Sixthly, seeking Allah’s help and not fearing the enemy. The Prophet (peace be upon him) emphasized this in the Hadith of Khabbab when he said, “Fearing none except Allah.” The believer fears Allah, not his enemy, adhering to the ayah, “So do not fear the people but fear Me.” (Al-Maidah: 44). Instead, he seeks help from Allah against his enemy, so he will be granted victory, support, and protection from Him. Allah says, “Those to whom hypocrites said, 'Indeed, the people have gathered against you, so fear them.' But it [merely] increased them in faith, and they said, 'Sufficient for us is Allah, and [He is] the best Disposer of affairs.' So they returned with favor from Allah and bounty, no harm having touched them.” (Aal-Imran: 173-174). Allah also mentioned what the believer from the court of the Pharaoh said: “'And you will remember what I [now] say to you, and I entrust my affair to Allah. Indeed, Allah is Seeing of [His] servants.' So Allah protected him from the evils they plotted, and the people of Pharaoh were enveloped by the worst of punishment.” (Ghafir: 44-45).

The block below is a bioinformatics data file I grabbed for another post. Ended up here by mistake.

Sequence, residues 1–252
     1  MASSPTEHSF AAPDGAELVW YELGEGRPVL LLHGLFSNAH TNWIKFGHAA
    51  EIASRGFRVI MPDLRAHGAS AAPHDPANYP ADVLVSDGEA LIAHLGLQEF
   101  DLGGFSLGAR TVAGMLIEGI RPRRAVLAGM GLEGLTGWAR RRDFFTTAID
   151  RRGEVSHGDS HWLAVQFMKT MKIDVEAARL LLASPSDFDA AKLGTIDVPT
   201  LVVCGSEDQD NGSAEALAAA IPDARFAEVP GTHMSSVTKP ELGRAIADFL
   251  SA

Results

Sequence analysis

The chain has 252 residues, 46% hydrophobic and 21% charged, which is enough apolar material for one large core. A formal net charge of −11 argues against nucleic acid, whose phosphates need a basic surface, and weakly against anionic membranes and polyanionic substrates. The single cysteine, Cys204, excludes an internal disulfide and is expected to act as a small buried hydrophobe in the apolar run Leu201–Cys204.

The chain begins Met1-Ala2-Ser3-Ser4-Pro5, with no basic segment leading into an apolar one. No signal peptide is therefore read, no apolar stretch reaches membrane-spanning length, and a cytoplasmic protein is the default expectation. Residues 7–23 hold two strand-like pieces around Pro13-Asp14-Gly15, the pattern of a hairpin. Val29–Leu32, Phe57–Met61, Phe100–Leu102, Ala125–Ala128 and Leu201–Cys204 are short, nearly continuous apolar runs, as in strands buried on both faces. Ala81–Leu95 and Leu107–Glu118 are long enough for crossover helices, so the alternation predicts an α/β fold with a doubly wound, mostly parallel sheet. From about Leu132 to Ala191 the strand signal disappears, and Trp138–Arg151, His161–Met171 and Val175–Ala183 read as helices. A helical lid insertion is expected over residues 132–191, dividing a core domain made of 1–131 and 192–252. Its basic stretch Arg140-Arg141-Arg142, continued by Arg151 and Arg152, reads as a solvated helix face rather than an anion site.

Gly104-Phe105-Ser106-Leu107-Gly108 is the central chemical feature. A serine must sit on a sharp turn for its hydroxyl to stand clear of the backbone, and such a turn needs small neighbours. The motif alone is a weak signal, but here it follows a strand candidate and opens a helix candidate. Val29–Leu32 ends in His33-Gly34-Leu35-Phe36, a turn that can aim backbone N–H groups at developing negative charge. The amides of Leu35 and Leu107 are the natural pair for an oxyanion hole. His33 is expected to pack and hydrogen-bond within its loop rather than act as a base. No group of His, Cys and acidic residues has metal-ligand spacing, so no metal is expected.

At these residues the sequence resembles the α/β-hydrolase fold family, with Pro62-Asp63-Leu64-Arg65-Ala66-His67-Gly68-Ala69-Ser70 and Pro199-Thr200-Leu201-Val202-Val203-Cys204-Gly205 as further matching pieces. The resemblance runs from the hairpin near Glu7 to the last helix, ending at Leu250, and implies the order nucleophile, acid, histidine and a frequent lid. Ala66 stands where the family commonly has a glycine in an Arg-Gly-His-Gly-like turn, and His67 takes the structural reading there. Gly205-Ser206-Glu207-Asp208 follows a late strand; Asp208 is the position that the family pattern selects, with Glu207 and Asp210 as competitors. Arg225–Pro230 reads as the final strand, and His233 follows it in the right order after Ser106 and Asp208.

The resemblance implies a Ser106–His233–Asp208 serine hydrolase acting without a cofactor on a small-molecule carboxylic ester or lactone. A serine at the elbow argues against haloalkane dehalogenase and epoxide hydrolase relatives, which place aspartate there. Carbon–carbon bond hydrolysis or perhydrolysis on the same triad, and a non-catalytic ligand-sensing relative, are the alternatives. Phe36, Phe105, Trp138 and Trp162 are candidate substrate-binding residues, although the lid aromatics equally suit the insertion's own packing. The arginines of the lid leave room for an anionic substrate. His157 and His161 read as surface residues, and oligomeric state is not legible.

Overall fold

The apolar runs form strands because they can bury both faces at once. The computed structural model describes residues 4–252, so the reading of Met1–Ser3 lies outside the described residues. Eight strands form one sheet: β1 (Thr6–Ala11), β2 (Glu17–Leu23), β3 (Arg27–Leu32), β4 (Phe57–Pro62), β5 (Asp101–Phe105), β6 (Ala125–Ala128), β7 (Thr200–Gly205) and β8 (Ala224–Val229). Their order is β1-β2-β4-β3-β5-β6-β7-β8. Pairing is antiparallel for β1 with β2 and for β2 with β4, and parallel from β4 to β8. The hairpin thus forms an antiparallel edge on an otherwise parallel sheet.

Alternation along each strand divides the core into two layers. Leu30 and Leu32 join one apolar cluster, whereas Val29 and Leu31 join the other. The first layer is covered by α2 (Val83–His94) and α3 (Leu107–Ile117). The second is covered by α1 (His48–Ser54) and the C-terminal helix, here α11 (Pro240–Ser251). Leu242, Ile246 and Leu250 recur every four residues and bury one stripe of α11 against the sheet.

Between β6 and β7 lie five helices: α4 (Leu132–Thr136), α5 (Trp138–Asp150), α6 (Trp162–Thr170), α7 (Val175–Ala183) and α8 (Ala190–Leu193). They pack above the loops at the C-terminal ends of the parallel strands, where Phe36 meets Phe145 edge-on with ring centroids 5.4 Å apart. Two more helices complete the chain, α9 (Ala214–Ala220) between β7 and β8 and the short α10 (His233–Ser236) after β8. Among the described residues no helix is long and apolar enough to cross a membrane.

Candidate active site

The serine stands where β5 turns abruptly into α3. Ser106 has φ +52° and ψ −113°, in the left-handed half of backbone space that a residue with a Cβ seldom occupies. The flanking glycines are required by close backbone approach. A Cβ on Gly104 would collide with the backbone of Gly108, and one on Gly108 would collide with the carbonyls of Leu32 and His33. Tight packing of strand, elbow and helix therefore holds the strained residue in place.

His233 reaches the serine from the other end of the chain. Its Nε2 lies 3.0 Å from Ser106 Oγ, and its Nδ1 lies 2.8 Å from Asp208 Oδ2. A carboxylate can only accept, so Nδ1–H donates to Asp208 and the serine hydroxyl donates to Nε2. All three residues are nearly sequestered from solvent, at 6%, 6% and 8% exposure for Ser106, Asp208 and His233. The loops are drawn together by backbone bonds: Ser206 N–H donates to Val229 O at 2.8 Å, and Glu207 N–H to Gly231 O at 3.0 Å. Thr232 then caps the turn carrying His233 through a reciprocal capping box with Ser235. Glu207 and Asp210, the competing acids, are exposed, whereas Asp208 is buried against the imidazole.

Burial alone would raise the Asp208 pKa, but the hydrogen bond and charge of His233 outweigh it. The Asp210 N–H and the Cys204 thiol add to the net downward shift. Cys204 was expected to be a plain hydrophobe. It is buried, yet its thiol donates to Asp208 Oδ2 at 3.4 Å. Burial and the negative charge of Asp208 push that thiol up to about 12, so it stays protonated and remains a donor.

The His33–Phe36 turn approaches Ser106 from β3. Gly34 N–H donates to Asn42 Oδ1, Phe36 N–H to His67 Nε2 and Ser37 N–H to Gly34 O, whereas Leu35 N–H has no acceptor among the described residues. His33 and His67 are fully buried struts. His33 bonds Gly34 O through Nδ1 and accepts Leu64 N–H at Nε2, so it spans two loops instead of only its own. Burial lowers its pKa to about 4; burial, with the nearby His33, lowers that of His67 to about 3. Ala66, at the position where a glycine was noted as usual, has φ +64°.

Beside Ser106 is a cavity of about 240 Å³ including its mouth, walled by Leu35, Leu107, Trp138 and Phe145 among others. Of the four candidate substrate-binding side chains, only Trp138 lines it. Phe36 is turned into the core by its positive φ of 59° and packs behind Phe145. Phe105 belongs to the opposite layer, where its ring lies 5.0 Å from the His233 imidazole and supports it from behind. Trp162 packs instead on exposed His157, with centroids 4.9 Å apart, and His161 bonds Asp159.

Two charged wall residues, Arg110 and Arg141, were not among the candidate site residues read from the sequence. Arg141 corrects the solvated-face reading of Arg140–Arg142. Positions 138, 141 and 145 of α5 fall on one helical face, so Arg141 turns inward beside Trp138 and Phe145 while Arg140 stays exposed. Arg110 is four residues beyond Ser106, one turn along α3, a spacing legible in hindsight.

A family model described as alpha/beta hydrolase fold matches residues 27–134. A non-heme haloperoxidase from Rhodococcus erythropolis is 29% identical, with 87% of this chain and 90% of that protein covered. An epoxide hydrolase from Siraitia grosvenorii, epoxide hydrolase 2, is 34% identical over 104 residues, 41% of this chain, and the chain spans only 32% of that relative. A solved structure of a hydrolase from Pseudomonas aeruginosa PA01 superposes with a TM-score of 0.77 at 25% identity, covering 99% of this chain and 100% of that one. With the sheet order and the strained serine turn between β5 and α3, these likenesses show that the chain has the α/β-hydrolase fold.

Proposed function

Therefore, those engaged in resistance and jihad should adhere to the truth in which they believe, seek help from Allah against their enemies, take pride in their religion and cause, endure what befalls them, and remain patient until Allah brings them His promised victory. As Allah says, “And they say, 'When is that?' Say, 'Perhaps it will be soon'” (Al-Israa: 51).

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(1) Biography of the Prophet, Dr. Ragheb Al Sirjani, p. 70.

(2) Al-Bidaya Wan-Nihaya, Ibn Kathir (1/ 474).

(3) Dala'il al-Nubuwwah, Al- Bayhaqi (3/ 4).

(4) Sirat al-Halbiya (1/ 425).

(5) Al-Sirah Al-Nabawiyyah, by Ibn Hisham (2/ 14).